In another of the preferred safety window embodiments in which the present invention is used, the self-healing layer of window laminate comprises: (A) a film of polyurethane of three-dimensional network, that is, a crosslinked or thermoset polyurethane, having self-healing and anti-lacerative properties, and joined thereto (B) a film of polyurethane of linear chains, that is, a thermoplastic polyurethane, having the ability to adhere to glass or plastic, for example, polycarbonate. The films of thermoplastic and thermoset polyurethane can be joined by physical surface adhesion or the joining of the films can include chemical bonding. The surface of the thermoplastic film, as well as that of the thermoset film, is substantially non-tacky at room temperature (for example, about 15° C. to about 35° C.) that is, at temperatures likely to be encountered in a facility in which the sheet is manufactured, stored, and/or used in preparing a glazing laminate. At temperatures in excess of about 35° C., the thermoplastic material is softened to the extent that when the sheet is pressed to a glass or plastic substrate, the thermoplastic material is capable of flowing and adhering to the substrate to an extent that the sheet does not slip or slide on the surface of the substrate.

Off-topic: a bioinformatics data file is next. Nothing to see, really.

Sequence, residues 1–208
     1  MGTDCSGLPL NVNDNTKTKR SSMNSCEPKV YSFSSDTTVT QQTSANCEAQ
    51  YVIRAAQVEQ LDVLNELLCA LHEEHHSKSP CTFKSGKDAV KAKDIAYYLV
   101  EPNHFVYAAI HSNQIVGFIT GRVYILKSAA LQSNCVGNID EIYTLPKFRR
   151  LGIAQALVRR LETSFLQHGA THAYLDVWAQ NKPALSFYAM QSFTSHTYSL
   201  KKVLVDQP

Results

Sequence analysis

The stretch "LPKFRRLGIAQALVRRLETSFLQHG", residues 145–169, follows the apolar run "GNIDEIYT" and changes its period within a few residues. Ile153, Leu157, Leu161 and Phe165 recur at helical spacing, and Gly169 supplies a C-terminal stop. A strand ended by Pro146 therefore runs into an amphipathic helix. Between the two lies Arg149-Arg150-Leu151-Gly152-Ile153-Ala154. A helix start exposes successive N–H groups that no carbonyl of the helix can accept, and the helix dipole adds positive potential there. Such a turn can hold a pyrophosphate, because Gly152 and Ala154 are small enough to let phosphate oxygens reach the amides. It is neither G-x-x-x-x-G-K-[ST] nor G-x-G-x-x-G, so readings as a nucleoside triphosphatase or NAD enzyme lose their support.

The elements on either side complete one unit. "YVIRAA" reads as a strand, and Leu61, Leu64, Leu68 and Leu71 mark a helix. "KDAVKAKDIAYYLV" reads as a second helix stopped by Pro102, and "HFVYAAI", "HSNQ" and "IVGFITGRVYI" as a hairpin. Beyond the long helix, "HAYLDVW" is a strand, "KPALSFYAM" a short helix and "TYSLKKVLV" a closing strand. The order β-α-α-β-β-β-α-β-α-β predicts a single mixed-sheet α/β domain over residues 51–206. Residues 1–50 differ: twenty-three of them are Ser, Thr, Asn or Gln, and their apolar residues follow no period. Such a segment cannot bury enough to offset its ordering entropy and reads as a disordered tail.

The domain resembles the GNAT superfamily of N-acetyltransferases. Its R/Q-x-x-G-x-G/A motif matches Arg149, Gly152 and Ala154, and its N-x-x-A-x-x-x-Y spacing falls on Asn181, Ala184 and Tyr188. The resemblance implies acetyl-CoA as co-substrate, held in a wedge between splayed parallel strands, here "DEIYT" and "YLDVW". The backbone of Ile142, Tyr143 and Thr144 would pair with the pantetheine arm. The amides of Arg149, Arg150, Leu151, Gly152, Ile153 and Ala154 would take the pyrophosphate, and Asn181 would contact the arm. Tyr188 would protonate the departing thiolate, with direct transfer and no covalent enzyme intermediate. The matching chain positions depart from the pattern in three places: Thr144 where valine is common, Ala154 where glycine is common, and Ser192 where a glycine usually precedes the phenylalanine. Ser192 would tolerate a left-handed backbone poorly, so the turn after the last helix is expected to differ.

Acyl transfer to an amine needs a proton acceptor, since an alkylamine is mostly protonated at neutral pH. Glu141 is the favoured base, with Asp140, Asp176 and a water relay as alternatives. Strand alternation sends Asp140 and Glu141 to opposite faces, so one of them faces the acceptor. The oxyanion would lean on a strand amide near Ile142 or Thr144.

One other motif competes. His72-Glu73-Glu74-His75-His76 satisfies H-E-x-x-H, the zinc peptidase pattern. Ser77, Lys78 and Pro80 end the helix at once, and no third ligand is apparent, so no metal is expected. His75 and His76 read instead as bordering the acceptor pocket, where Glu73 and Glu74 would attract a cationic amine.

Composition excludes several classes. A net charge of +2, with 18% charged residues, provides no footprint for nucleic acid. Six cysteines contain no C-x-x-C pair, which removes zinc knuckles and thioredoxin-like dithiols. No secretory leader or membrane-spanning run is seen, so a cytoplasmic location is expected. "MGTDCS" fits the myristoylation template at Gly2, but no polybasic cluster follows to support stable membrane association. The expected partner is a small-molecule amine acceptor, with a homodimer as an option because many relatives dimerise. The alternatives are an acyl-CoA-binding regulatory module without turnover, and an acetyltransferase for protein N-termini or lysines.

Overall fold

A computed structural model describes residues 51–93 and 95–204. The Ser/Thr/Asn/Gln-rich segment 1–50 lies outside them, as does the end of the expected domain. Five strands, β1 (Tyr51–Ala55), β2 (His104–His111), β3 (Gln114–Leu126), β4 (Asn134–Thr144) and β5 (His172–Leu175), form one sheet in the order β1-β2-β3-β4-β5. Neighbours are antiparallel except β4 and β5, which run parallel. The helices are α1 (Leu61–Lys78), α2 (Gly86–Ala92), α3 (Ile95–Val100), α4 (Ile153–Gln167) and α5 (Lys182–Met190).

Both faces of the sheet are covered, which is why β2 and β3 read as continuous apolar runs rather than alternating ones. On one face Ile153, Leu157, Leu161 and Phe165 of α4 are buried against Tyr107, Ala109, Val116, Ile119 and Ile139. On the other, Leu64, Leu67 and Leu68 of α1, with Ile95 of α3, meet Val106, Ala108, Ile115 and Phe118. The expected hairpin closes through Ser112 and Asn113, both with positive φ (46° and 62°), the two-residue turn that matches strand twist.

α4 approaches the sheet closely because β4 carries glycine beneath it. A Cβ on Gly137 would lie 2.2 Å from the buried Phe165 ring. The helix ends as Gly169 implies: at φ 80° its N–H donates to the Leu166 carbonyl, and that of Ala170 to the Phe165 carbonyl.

By way of illustration, the safety glass laminate with a self-healing layer applied as a preformed sheet can be made by pressing a preformed polyurethane sheet having a non-tacky thermoplastic surface at room temperature onto a substrate or laminate ply which has been heated to a moderately elevated temperature (for example, about 50° C. to about 80° C.), at which the thermoplastic material softens, flows and adheres to the extent that the sheet does not slip or slide from the surface of the substrate or ply, even when handled at room temperature. Exemplary pressures that can be used are about 0.5 to about 2 bars above atmospheric pressure. Bonds so formed from suitable thermoplastic materials are sufficiently firm to permit satisfactory handling of the laminate and they can be made still firmer and stronger by subjecting the laminate to higher temperatures and pressures. This can be effected in an autoclave, for example, at temperatures and pressures within the ranges respectively of about 100° C. to about 140° C. and about 3 to about 15 bars above atmospheric pressure, depending on the nature of the materials comprising the plies of the laminate.
The pre-formed sheet of self-healing polyurethane can be formed in various ways. A mixture of the liquid monomers from which the thermoset material is formed can be cast onto a solid film of the thermoplastic adhesive material and polymerized to form a solid thermoset layer adhered to the underlying thermoplastic film. The sheet of thermoplastic adhesive material can be formed in any suitable way, for example, by a casting or extrusion operation.